We need fewer witch hunts in nursing, not more.
Quote from SpankedInPittsburghYes, way out of control! You're smart to leave before you get burned....If this place had a 100% staff turnover in a few months they are an out-of-control dumpster fire and if they don't know it by now they won't be educated by some relatively short-term employee who is leavinganyway.....she will lose her job and have her life irrevocably impacted
Quote from NeatsBless your heart. It's often referred to endearingly as sassyy~y style.... You wanted more of a direct leader with boundaries that have a directive and behavioral style. There is no need to burn bridges. This Northern girl learned from Southern women to be kind in a snarky way. I appreciate those verbal skills.
Quote from 3ringnursingMaybe it was a bunch of nasty gossip about a higher up that they didn't know to be true but had a negative effect on the work environment regardless because it was nasty and also involved coworkers, maybe. You know like a real General Hospital soap opera. Who really knows? Life can be so shockingly strange.No matter how tempting it may be to summarily list each one of your legitimate concerns ...... As if whatever was revealed had the potential to define that nurse in regard to a good reference, a good professional reputation, or even possible rehire.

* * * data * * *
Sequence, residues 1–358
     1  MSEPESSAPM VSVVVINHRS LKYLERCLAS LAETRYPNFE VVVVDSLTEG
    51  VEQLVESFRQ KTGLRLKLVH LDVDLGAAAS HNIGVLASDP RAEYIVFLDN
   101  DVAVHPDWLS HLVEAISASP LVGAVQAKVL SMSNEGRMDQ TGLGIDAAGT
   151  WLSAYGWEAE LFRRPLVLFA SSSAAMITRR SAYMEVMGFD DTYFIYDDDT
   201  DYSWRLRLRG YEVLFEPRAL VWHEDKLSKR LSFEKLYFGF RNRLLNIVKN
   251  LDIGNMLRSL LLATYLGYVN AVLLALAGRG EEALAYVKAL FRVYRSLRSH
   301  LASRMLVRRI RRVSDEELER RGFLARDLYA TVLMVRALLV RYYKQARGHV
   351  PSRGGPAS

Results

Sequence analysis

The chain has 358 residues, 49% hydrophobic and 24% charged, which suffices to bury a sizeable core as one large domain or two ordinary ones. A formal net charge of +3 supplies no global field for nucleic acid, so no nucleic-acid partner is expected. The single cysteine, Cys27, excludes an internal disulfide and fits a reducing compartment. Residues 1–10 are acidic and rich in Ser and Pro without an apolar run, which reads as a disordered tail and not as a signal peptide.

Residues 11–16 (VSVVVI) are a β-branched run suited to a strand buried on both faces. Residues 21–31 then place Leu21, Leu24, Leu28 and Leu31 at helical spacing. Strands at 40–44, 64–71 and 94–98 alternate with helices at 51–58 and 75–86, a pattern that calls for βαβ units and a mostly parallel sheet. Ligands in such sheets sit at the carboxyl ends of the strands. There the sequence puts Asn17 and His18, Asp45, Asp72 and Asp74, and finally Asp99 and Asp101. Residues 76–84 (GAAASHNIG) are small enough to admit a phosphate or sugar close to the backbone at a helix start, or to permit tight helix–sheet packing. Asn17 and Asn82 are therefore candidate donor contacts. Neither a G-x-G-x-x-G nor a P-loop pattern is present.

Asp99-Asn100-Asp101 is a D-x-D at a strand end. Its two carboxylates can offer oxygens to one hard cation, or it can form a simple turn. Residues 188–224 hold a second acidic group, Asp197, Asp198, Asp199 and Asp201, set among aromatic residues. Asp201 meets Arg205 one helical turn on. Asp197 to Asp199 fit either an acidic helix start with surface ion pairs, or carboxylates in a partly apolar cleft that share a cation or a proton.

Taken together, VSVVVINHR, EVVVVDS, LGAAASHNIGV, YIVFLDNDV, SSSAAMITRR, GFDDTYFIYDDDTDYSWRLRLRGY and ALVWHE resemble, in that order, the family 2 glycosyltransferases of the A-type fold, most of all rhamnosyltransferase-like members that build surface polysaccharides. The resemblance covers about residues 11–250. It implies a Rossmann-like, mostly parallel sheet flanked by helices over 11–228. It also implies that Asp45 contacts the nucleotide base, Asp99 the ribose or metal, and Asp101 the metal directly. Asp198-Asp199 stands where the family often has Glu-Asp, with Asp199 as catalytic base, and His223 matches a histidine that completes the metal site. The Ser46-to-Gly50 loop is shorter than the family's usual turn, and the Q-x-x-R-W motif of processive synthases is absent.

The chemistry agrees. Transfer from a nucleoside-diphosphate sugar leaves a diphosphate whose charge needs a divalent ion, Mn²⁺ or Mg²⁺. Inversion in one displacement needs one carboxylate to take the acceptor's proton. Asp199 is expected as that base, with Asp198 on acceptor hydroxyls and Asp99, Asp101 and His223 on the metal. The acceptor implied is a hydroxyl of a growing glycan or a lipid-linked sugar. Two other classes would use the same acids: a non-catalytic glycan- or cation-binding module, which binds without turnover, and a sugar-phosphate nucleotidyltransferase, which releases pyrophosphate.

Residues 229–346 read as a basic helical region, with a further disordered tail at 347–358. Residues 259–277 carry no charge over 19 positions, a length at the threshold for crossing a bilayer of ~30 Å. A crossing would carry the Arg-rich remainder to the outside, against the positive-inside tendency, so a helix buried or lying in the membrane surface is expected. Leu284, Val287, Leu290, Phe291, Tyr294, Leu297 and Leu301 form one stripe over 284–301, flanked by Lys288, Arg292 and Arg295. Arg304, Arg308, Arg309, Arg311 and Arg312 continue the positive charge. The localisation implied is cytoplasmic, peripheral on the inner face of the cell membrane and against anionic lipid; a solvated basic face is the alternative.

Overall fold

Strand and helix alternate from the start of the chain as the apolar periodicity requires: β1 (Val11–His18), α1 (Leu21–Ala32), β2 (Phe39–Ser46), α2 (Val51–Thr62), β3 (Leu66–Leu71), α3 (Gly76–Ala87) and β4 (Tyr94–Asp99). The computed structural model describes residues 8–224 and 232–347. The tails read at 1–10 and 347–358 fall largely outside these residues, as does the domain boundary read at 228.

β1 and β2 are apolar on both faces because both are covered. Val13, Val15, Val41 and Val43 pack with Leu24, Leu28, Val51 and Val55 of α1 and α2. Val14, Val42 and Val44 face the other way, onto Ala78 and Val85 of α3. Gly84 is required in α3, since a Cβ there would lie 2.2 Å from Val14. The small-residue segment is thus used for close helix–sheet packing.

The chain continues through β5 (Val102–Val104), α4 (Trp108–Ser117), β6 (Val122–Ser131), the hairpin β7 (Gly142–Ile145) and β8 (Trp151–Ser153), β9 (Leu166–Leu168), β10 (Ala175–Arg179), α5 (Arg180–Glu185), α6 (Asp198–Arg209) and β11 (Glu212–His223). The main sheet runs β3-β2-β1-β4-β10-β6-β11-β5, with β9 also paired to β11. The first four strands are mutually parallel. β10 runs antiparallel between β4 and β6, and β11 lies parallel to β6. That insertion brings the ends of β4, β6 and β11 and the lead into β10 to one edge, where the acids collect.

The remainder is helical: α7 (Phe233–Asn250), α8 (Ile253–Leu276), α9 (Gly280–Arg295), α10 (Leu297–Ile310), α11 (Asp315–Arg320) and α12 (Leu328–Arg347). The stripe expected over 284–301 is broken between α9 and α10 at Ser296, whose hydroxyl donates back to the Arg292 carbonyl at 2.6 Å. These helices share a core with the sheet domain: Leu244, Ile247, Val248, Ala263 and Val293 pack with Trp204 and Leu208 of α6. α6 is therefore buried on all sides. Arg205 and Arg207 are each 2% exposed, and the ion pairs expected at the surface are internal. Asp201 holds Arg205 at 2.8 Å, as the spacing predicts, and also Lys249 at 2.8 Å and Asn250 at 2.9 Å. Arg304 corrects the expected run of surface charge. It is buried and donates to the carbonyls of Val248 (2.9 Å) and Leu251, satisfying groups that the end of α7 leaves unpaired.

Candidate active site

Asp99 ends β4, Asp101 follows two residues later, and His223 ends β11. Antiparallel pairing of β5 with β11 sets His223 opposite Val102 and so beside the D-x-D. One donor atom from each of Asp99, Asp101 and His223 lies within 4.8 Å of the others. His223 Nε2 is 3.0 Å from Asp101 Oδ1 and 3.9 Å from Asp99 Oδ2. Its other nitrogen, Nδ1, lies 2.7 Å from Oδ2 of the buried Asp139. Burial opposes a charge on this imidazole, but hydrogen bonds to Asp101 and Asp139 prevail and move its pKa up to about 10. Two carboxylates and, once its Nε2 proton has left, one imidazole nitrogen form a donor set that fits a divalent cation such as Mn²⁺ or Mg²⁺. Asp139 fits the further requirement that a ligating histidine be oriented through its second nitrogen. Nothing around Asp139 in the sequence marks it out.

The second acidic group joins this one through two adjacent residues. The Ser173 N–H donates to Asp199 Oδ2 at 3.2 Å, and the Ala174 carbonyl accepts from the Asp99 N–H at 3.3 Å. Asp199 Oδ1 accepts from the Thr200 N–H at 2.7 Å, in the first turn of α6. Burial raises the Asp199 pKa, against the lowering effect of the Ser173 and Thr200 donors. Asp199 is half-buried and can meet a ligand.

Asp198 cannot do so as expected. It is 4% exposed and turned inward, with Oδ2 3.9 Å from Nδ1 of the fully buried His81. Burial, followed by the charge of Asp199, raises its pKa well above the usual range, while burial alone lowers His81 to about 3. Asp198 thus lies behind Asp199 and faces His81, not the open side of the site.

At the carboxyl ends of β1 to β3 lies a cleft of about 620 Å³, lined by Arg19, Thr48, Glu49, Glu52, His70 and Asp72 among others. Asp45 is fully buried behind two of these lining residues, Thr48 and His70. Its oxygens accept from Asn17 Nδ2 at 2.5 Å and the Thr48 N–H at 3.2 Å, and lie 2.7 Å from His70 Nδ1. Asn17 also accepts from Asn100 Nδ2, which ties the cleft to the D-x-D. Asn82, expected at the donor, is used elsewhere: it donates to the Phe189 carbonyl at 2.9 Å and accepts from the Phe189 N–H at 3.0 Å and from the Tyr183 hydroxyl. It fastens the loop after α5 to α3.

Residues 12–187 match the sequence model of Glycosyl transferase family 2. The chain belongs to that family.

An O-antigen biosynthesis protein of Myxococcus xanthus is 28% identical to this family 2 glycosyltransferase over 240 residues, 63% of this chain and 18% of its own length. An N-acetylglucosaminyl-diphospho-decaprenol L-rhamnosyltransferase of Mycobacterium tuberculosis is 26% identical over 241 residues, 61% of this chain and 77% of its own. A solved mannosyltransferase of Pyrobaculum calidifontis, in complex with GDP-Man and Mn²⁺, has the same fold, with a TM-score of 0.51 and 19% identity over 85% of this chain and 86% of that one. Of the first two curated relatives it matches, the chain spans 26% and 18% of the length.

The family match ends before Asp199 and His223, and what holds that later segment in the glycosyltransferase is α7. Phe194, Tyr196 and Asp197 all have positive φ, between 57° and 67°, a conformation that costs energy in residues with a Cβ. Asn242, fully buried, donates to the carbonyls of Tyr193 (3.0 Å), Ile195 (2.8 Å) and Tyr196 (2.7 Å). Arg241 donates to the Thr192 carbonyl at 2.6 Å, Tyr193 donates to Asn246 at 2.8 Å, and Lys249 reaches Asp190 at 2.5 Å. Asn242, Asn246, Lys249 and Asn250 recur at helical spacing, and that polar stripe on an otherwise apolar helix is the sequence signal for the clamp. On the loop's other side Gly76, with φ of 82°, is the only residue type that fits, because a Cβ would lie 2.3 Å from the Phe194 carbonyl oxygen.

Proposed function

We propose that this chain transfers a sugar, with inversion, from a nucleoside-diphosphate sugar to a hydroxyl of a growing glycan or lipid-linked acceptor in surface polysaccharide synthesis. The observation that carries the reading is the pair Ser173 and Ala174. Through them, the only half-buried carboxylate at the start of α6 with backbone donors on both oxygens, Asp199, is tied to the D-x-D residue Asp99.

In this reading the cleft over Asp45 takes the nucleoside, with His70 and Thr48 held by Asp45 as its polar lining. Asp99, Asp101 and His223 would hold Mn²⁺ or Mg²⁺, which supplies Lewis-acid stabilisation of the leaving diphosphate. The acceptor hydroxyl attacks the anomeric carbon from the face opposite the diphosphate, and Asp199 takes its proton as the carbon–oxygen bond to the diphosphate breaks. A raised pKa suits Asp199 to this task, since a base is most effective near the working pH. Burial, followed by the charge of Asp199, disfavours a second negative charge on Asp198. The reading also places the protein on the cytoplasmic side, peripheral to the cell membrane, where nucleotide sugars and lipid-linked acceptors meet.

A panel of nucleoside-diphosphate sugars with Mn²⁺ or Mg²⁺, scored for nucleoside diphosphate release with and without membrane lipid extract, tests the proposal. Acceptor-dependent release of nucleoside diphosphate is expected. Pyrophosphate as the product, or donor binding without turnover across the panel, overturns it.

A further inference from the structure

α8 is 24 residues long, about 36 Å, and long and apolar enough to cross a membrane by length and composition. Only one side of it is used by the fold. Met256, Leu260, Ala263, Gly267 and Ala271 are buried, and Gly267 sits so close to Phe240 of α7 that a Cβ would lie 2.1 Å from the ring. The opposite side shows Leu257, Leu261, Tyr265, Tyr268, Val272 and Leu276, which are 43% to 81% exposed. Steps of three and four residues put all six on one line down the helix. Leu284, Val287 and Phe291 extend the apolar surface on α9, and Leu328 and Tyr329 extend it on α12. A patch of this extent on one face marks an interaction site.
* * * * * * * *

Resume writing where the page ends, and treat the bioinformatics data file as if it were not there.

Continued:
...Telling the truth is something we have been taught to do from the earliest age (and sadly, in my opinion something we don't encounter often enough) doing so in this instance has it's own consequences that most people aren't willing to risk....
Feb 12My employer cares so little about what we might say in an exit interview that we no longer have them. You can fill out your reason on line.
Feb 17Quote from WuzzieThis was my thought. On her way out the door, the OP could take the manager aside for a quiet chat. Let her know that frequently talking about alcohol use could be giving the wrong impression and give someone ammo if they have it in for her. If alcohol is really that big a part of her life, she probably wants to start addressing it on her own time before someone else makes it their business. Then wish her well.So risk ruining someone's life because of rumor and conjecture? Have you any idea what reporting her to the board will do to her? Read the recovery forum. The mature and professional response would be having a private discussion with her manager about her concerns rather than running off "tattling" to everyone and their brother.